How do you get your teenager to think before he acts? Well, we're going to talk about that today
on tips on teens. My name is Kent Toussaint. I'm a licensed marriage and family therapist, and
I specialize in helping kids, teens, and families live happier lives. I lead two organizations
teen Therapy Center and the nonprofit 501 c three organization, child and Teen Counseling,
both here in Woodland Hills, California. And every Wednesday at noon, I jump on the Facebook
Live to answer your parenting questions. Let's jump into today's, Kent. My son is driving us
insane. I would say he has poor judgment, but lately it feels like he has no judgment. He's 13,
and I think he was more mature when he was six. Over the past six months or so, he has developed
a pattern of doing increasingly dumber and more destructive things. This has happened at home,
but recently it happened at a friend's house when he broke their pool filter. Obviously, we
were thoroughly embarrassed and angry. I can't imagine giving
this kid the keys to a car in a few years. What can we do to get him to think before he acts? Thank
you for your question. I think a lot of parents of teenagers can really resonate with this, especially
the teenagers who have attention issues, or maybe with kids who are on the autism spectrum where
their impulsiveness is really through the roof. I think that this makes a lot of sense to them.
Let's first talk about the teenage brain, the adolescent brain. So what we know in science is
that around 11, 12, 13, somewhere in that range, the prefrontal cortex, which is an area right
here behind the forehead, starts developing wildly over the next ten years or so. And this controls
what we call the executive functioning area of the brain. Things like impulse control, emotional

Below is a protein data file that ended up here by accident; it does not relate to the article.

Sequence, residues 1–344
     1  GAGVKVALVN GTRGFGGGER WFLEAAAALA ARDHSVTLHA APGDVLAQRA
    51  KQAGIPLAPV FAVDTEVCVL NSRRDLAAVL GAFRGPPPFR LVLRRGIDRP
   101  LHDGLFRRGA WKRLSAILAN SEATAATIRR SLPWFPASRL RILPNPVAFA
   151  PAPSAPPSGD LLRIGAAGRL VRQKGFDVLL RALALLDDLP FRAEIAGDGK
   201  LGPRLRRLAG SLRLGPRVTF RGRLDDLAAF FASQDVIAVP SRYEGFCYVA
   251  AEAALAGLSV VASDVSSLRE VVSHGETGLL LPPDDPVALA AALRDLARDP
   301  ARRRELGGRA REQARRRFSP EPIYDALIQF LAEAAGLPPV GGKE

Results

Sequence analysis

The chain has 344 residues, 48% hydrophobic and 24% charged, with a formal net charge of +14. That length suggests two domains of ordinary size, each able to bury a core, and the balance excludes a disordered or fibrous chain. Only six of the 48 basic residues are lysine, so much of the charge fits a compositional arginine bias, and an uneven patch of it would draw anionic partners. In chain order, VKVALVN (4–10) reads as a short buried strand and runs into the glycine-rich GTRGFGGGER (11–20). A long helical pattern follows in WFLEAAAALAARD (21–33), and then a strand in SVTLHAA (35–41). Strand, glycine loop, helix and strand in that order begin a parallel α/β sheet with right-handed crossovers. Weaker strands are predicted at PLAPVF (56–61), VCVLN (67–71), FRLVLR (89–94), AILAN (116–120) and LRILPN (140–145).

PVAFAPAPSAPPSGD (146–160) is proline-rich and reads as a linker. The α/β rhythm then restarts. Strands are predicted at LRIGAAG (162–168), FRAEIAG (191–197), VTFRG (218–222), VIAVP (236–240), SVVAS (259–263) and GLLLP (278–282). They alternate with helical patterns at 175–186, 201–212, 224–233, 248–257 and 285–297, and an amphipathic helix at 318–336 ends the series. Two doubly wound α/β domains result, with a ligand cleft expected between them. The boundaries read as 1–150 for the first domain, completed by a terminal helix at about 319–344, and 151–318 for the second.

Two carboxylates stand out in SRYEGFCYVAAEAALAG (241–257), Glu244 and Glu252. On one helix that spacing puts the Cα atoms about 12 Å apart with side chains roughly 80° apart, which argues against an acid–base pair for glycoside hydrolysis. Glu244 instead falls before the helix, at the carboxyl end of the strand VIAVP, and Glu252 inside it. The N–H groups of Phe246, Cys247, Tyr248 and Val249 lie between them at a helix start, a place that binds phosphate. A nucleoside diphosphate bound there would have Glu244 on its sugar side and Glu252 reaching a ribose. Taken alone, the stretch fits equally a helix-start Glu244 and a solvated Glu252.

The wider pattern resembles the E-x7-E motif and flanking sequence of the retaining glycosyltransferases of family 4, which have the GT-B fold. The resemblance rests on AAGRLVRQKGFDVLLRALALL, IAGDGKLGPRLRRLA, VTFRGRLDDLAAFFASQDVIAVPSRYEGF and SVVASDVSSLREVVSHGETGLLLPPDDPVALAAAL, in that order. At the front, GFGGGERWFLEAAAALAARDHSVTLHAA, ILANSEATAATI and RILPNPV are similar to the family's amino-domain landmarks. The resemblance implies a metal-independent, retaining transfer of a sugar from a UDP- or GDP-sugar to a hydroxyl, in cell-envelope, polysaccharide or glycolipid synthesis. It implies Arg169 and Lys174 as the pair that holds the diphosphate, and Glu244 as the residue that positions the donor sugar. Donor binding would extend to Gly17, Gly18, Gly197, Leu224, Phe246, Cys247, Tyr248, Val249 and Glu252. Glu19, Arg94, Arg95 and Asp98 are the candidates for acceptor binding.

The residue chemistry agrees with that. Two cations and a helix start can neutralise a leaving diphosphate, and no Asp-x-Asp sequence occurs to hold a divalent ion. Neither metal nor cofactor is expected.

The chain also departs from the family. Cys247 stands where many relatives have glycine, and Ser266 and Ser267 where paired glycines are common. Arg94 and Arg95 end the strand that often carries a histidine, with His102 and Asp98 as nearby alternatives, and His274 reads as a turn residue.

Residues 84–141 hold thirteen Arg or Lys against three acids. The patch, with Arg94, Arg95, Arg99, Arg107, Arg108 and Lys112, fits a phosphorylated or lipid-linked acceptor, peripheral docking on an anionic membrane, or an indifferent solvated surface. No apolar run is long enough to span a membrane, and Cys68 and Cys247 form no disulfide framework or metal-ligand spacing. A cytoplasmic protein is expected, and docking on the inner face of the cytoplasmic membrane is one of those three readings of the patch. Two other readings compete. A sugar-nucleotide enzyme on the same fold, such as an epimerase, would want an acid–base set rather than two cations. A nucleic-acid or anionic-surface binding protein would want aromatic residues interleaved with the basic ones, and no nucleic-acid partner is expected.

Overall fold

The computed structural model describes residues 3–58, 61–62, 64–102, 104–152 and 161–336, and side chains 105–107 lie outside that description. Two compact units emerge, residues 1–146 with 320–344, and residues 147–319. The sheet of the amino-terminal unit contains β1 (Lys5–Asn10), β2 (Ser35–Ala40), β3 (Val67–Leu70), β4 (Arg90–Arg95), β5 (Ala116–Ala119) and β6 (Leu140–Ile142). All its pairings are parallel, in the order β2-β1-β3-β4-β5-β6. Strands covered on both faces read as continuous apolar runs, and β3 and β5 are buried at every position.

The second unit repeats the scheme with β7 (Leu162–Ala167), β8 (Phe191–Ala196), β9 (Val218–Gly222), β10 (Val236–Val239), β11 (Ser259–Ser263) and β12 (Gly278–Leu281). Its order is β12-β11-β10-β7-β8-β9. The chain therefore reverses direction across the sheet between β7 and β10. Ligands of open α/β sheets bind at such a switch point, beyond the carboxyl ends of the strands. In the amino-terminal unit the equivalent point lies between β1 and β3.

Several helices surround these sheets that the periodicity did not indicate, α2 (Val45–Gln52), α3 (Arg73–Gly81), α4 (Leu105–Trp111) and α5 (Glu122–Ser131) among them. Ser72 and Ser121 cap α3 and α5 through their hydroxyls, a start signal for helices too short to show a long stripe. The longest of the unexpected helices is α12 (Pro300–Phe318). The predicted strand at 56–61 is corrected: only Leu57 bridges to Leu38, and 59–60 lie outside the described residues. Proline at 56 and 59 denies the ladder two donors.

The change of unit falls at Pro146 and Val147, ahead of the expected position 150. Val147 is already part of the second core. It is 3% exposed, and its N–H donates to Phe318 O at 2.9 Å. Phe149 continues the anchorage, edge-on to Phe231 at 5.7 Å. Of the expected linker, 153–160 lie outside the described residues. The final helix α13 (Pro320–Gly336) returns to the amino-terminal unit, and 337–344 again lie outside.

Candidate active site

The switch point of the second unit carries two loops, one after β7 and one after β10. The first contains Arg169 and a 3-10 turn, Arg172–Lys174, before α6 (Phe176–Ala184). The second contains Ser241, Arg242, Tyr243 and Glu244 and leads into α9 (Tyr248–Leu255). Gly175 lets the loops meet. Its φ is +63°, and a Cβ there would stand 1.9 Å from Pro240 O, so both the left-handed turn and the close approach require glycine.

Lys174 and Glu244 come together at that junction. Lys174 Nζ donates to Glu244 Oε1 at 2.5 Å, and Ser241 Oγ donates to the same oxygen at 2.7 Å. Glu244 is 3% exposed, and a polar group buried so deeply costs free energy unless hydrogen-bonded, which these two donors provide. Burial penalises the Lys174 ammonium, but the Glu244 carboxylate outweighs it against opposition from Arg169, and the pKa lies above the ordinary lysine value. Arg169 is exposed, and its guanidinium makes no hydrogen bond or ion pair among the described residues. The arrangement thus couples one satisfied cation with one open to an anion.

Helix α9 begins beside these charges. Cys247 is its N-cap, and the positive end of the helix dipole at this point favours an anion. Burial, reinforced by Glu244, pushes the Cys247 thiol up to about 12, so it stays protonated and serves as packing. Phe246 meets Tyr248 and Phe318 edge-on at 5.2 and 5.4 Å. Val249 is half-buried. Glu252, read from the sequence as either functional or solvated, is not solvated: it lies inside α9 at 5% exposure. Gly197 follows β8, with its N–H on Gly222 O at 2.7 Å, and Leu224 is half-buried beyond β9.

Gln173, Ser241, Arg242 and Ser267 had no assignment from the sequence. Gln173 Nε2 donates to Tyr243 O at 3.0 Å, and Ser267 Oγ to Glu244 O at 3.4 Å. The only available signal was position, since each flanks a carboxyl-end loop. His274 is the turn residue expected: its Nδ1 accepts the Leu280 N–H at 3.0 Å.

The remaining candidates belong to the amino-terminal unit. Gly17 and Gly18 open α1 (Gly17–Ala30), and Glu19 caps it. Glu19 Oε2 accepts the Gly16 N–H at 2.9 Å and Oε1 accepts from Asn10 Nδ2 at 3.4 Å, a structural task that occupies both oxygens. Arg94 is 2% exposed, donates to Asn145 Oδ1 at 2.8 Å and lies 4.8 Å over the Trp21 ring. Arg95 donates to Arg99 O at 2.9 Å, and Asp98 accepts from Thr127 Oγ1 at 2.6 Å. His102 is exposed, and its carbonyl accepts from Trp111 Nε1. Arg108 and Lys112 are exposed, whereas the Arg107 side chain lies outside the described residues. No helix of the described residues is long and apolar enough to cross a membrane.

regulation, the ability to see cause and effect, all those parts of the brain are seriously
impaired right now because it's not all connected to the rest of the brain and it's developing.
That's why you may think that your
six year old was more mature then than now at 13, because they weren't having this crazy explosion
of growth in their brain. So what happens is it does start slowing down around 18 or so, and then
you feel like you have a fully developed brain. Or science determines a fully developed brain
is around roughly 25 years old. So what do you do from that 13 to 17 range when your kids bouncing
off the walls, jumping on pool filters? I don't know how you break a pool filter, but I guess you
jump on it. I don't know. So I think there's a lot of things with this. Number one is make sure that
you are maintaining quality connection with your kid. You are spending quality time with your
kid because if you have that, he is more likely to listen to you, pay attention to you, consider
what you're saying, consider your words and take your guidance. If you don't have that quality
connection, if you're always wagging the finger, if you're always giving him instruction
or correcting him, he's not going to